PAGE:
However, I have to respectfully disagree with l you and state that in my opinion it is tied for GM’s greatest hit with the Electro-Motive FT diesel locomotive that appeared in 1939. It became the world’s first mass-produced, standardized line of diesel locomotives that showed they could pull record tonnage in record time, using half the fuel of a steam locomotive and with minimal maintenance along with excellent reliability. After that steam had no where to go but away. And what other creation of General Motors rendered the competition’s products obsolete virtually overnight?
I can’t really disagree. I actually meant to write “A GM Greatest Hit”, or with a question mark at the end, but this is how it came out. I’ve done a number of “GM’s Greatest Hits”, so maybe someday we can rank them.
Not as earth shaking as the intro of the ’55 Chevy, perhaps, but the first Chevelle for the 1964 model year was a return to the simple, elegant, mid-sized Chevy powered by an I-6 or a small block V-8. Followed by the ’77 Caprice, which again returned to a similar theme. Nothing comparable or really special since then from the marque.
Especially today when all the new Chevies-except the Cruise-all look plug ugly and overdone, Corvette included.
I’ve always loved the ’55 Chevy over the rest , since I first saw one .
Oddly , I’ve never owned one and now prolly won’t ~ they’re too $pendy and prone to theft to boot .
Great article and photos ~ I really like the Coral and black one .
The comments too are terrific as usual .
I too, rank the ’55 as the best looking of the Tri-Fives. I well recall riding with a high school friend who was driving his dad’s Bel Air. The V-8 was a revelation, since I had taken driver’s ed in a 1954 — yes, yes, it was new — with 6 and 3 on the tree. (The 6s were comforting in a way with the little friendly click of the tappets.)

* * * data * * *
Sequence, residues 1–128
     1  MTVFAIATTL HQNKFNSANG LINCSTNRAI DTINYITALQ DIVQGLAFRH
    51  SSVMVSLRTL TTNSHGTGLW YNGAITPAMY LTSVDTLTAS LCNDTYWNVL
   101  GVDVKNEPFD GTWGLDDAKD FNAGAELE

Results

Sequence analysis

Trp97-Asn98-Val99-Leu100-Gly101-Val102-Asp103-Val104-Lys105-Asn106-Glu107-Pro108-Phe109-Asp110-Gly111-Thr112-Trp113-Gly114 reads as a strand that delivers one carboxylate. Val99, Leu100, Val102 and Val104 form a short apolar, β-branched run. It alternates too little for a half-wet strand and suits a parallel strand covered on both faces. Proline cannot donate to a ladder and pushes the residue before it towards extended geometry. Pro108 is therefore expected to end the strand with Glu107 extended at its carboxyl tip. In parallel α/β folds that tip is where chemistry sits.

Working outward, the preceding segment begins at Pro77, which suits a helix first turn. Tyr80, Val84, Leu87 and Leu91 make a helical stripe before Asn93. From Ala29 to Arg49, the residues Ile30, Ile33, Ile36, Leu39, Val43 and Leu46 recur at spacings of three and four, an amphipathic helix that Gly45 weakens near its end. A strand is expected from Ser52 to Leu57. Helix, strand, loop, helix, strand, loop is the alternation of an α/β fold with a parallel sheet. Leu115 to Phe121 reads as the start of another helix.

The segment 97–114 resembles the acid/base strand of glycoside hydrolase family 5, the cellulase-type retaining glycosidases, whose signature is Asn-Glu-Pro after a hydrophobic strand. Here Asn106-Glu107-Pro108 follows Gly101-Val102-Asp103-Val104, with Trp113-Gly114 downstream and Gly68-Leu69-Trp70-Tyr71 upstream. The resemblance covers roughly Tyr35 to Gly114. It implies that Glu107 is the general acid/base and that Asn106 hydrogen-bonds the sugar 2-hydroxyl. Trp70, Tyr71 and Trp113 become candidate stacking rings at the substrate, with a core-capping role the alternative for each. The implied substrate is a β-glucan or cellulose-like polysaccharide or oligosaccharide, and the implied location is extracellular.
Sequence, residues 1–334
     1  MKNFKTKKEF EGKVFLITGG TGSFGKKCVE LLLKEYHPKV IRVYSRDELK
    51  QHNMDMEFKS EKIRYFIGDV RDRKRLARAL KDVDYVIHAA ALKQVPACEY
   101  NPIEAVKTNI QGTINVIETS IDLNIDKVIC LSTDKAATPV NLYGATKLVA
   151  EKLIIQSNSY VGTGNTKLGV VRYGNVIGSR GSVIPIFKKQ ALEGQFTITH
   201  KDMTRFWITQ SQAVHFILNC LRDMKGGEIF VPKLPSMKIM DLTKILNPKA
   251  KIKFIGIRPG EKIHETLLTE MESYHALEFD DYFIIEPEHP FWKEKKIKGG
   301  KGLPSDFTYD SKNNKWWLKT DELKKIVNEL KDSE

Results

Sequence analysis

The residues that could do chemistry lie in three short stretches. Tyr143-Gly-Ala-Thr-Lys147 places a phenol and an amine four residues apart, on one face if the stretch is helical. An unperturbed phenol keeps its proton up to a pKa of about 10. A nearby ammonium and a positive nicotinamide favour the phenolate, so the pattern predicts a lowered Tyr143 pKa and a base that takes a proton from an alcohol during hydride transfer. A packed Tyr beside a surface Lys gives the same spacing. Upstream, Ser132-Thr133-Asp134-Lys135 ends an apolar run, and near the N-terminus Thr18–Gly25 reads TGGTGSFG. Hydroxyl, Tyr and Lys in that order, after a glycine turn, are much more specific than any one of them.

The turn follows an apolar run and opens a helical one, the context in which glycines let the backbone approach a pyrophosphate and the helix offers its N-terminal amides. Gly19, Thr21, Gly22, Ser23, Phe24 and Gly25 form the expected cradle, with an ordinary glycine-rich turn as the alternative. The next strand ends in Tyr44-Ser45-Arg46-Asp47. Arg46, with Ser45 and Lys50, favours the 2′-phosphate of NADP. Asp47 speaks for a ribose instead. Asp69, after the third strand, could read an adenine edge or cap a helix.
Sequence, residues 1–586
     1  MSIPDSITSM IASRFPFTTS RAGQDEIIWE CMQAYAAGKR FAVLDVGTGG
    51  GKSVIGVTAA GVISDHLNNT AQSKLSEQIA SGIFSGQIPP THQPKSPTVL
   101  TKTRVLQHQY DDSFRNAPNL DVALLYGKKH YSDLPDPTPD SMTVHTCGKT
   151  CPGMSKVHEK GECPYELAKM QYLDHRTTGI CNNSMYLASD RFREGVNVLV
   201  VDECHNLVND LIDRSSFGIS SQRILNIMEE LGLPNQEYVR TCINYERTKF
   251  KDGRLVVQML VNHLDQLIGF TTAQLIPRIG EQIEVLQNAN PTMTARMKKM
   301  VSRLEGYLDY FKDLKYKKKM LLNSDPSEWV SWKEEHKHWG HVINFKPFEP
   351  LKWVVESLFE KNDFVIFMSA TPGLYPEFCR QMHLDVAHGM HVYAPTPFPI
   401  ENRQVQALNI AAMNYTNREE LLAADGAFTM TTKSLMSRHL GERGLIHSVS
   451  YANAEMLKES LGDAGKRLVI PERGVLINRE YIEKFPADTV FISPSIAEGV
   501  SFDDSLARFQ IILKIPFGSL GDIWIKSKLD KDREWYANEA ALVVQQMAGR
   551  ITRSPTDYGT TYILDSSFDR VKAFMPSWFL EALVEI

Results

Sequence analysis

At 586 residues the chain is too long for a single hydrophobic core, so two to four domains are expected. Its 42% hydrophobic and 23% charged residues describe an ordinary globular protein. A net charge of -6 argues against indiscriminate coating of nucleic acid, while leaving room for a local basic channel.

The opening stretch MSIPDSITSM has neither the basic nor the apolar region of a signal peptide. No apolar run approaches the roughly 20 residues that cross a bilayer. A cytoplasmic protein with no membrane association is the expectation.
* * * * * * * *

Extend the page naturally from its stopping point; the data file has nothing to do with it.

By the way, Paul, I have nothing at hand but somehow that airplane picture with the fin at left kind of reminds me of a Packard or Studie.
Turns out there were two tri-5s in my life. My dad had a 56 (probably a 150 – i can’t imagine him at that point upgrading to the 210 or the Bel Air) in pale blue (there’s a picture of me posed on my sled on our driveway in back of the car so i can identify the color), most likely 6 cyl 3 on the tree, and my then future brother-in-law had a 55 Bel Air bought when he was 19 that kept him going til he felt secure enough in his profession to buy a 62 Impala. Dad must not have liked the 56, because he bought a 58 Ford (ordinarily he was a strict trade every three years kind of guy). This summer when my sister and brother-in-law were visiting we were walking around an exhibit in Birmingham that was part of the Woodward Dream Cruise. When we saw a 55, b-i-l said he wished he still had his.
I believe the 56 was the car that occasioned my first attempt at driving, at age 3. I’m told that one Saturday when we were going to the shore I was plopped in the front seat while the car was being loaded (no child seats in those days), and I pulled down the shift lever, imitating Dad. The car rolled down the driveway, went across the street, and stopped inches from a tree that still stands there. I suppose I thought it was great fun that I could get the car to move, but I was still in a bit of trouble for that one.